Are we proud of the way we react to issues of race and religion?
Fathers’ Day should be more than just celebrating the contributions and sacrifices of fathers; it should also be an auspicious moment for self-reflection, says Mustafa K Anuar.
A belated Happy Fathers’ Day.
Fathers’ Day, which was celebrated over the weekend in Malaysia and many parts of the world, is a day to celebrate the contributions and sacrifices made by fathers and father figures – just like their mothers – for the sake of their beloved children.
In the course of the tender lives of their children, most fathers do, or at least try to do, almost anything to give the best they can for their happiness. Low-income fathers, for instance, would sacrifice their leisure time, if not their health, in order to hold two jobs in an attempt to make life more comfortable for the children.
Although many fathers seek to give material things to their children, the rare ones provide life’s guiding principles – and consequently less of many attractive tangible things – to their kids.
There are such fathers in our midst. A certain Abdar Rahman Koya consciously did not want to start his daughter’s life “on a lie”. Unlike some other Indian Muslims or Chinese Muslim converts, he refused to “change” the ethnic status of his daughter from being “Indian” to “Malay”, knowing full well that she would very likely be deprived of all the privileges that come with the category “Malay”.
True to his Islamic principles, Abdar Rahman would rather that his daughter compete on a level playing field in her life; he also wants to have a clear conscience when he meets his Maker in the afterlife.
But Fathers’ Day should be more than just celebrating the contributions and sacrifices of fathers. It should also be an auspicious moment for self-reflection so that fathers can learn from their recent mistakes, be it in the form of actions or spoken words, and subsequently mend their ways.
For instance, fathers who were part of the religious contingent that recently barged into a Hindu wedding should sit up and think about their misdeeds in this regard. At the very least, they should feel the need to be remorseful and sensitive to the needs, expectations, concerns and dignity of people of other faiths.
Weddings are indeed moments filled with much emotion and joy, and one can imagine the horror experienced by those associated with those weddings when the authorities gatecrash in. Surely, Islam doesn’t condone such brazen acts to the point of causing distress and hurt, if not untold shame, to those holding weddings such as this one. Fathers who were part of this well-reported raid should examine their conscience.
Similarly, much pain (and even shame) can be inflicted upon the family of a deceased whose body is snatched away from them by religious authorities that believe the deceased was a Muslim, as was the case of the late Teoh Cheng Cheng.
Obviously, a funeral is a solemn occasion, and the family of the deceased concerned can do without high drama and media exposure. Once again, fathers, who formed part of the raiding party, should ponder upon the grief, distress and anxiety that the aggrieved family experienced as a result of the unexpected raid. These fathers should ask themselves, is this bureaucratic arrogance Islamic?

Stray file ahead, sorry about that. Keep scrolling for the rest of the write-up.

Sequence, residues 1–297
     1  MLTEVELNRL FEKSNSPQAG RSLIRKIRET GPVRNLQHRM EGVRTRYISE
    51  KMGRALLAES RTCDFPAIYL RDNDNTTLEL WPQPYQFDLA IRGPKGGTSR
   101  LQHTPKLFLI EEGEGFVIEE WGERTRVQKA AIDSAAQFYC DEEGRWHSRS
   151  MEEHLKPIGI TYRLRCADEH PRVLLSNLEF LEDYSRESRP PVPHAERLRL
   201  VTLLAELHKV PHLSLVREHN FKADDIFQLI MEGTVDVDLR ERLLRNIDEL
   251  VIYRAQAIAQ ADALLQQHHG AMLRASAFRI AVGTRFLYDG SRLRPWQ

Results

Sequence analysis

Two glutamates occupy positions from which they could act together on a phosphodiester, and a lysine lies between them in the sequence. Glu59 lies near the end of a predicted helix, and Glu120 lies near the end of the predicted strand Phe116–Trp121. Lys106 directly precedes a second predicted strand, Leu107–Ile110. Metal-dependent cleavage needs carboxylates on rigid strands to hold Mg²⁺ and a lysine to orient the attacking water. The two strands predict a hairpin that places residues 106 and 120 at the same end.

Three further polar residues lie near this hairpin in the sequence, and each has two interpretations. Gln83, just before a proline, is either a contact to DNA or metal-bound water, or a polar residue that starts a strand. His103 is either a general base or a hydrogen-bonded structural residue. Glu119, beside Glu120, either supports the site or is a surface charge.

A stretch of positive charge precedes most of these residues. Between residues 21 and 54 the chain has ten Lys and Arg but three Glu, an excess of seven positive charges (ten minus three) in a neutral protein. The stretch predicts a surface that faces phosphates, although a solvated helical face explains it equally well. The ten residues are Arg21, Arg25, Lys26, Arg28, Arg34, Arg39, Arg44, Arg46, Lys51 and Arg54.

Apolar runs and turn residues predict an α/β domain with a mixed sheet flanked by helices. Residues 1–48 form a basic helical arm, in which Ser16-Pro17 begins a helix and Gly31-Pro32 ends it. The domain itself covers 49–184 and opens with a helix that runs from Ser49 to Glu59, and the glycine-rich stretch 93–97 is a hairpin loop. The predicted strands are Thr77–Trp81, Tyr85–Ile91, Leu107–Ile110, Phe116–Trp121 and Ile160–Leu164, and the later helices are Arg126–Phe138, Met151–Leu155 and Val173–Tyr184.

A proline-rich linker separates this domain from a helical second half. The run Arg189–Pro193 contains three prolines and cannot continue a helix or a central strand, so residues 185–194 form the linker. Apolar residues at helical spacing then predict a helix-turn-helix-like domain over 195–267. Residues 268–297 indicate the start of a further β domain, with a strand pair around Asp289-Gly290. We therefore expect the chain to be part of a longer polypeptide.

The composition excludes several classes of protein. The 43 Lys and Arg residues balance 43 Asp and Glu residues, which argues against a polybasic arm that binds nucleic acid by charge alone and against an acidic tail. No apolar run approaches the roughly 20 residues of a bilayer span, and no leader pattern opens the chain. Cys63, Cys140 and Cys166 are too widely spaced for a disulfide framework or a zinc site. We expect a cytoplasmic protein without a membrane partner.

But the distress, grief, anger and horror experienced by these families are also shared by many other concerned Malaysians. For, such actions by the state religious authorities concerned are not only an invasion of privacy, but also constitute an affront to the freedom of Malaysians to practise their respective faiths.
That is why fathers who rule this country at the national and state levels are also accountable for this state of affairs in which the religious sphere transgresses into the domains of the private and the individual.
Then, there are fathers who become part of the enforcement party to demolish houses to make way for “development”. But there are also mothers who come to the forefront and play an important role in their fight for human rights and dignity. Seventy-three-year-old Wahidah Md Salleh made the headlines recently when she defiantly confronted Kuala Lumpur City Hall officers who demolished her house and those of her neighbours in Kampung Chubadak Tambahan in Sentul.
The courage demonstrated by the likes of Wahidah is commendable particularly when they have to bear the whole weight of the state apparatus and capital in their fight for justice and human dignity. But more than that, the Wahidahs in our patriarchal society often face the discrimination and stigma that come along with being women, as lucidly and compellingly argued by Aliran member Sheila Santharamohana. Sheila feels that Malaysian women have generally been given short shrift in many areas of life in our society.
In the realm of politics that is mixed with ethnicity, it is even harder if you’re a woman and Malay at the same time as exemplified by young DAP politician, Dyana Sofya’s entry into active politics. Aspersions had been cast on her for being a “traitor” to the Malay community, the kind of demonisation, to be sure, that has been lashed out against Malays joining the Chinese-dominated Democratic Action Party (DAP).
Although a cardinal sin in Islam, slander has become a convenient weapon to attack Malay DAP members such as Dyana -allegations ranging from being a bikini wearer to a habitual drinker. In her article, Aliran member Syerleena Abdul Rashid tells us that it has been an uphill task to some degree for Malay members in the party.
It is thus our collective hope that the Malaysia of today would turn around and evolve into a better society where more fathers – and mothers – can be role models for our future generations.
Mustafa K Anuar
17 June 2014